Coda features clips from Merry Christmas, Mr. Lawrence and the other films for which Sakamoto has composed soundtracks, from Bernardo Bertolucci’s The Last Emeperor, for which he won an Academy Award, to Alexander González Iñárittu’s The Revenant. But the film is more interested in providing a larger portrait of the musician, exploring his work as an anti-nukes activist, his experiences as a cancer survivor, and his fascination with the natural world.

Recently, I had the pleasure to sit down with Sakamoto at his West Village studio to talk about Coda, his fight against cancer, and his approach to music.

In the film, you play a piano that survived the 2011 earthquake and tsunami in Japan, a metaphor perhaps for your own survival. What observations do you have about survival and the longevity of your career?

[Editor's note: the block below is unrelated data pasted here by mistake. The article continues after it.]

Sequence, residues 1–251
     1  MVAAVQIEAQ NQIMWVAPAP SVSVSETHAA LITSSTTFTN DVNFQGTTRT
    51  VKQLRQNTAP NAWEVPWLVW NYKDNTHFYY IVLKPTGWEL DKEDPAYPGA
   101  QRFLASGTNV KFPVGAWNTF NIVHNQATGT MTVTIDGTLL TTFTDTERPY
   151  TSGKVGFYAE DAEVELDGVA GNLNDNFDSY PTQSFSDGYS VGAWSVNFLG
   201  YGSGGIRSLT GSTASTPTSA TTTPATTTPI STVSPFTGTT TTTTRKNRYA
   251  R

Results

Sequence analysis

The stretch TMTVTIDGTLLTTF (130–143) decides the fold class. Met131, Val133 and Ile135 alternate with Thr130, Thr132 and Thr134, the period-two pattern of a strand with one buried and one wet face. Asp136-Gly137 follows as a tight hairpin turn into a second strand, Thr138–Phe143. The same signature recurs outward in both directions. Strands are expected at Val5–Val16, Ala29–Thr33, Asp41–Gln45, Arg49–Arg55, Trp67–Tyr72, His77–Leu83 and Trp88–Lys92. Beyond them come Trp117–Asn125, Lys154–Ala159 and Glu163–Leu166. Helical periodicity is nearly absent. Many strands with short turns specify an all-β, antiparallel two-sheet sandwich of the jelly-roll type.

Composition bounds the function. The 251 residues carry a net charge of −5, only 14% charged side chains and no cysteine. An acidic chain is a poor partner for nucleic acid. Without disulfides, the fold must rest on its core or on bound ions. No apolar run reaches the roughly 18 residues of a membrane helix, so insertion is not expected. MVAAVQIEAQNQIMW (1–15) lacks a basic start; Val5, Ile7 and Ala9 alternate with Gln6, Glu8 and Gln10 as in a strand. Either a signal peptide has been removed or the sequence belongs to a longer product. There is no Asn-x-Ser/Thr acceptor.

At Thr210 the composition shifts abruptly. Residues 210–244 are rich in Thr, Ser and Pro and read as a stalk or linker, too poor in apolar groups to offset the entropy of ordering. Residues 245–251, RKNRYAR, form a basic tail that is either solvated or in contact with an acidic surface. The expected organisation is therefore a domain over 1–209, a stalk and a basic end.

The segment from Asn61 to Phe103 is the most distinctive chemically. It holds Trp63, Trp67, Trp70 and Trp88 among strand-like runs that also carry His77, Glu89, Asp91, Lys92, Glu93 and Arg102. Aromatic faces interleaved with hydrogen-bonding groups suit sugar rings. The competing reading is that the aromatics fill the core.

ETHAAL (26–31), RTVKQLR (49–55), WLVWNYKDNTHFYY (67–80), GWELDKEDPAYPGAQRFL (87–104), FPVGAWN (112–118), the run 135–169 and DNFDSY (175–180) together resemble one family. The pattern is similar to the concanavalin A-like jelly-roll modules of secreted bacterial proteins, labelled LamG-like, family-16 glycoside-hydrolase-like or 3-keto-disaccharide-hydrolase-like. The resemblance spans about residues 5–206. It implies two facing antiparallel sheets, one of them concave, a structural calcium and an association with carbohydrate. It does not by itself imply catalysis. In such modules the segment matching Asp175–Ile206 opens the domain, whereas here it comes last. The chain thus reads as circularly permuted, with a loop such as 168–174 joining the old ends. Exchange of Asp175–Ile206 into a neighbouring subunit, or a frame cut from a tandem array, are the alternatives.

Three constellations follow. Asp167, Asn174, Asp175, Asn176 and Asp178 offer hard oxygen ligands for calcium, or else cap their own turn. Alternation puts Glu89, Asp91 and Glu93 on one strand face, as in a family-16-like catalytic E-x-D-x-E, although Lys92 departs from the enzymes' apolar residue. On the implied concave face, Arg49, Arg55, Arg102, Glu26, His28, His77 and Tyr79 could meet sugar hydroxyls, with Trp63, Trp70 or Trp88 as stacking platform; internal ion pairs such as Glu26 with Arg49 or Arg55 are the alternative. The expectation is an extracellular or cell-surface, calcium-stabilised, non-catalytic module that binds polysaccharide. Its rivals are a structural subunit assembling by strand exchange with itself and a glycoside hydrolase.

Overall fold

That tsunami made me think deeply about the meaning of that piano—about nature, and what nature is. A few years after I encountered the piano, I was diagnosed with cancer. I am a survivor of cancer. Inside me, it’s all connected: the force of nature, the piano, my body. I think that everything is part of nature, or a process of it. Getting a disease is a process of nature. A tsunami and an earthquake are processes of nature. Being damaged by the force of nature is just another process. I’m relieved to know that.

How’s your health situation presently?

I am very good. It’s been more than three years, and I’m surviving.

You’ve reinvented yourself in different ways over the span of your career. Can you speak to that? It’s been fascinating to behold.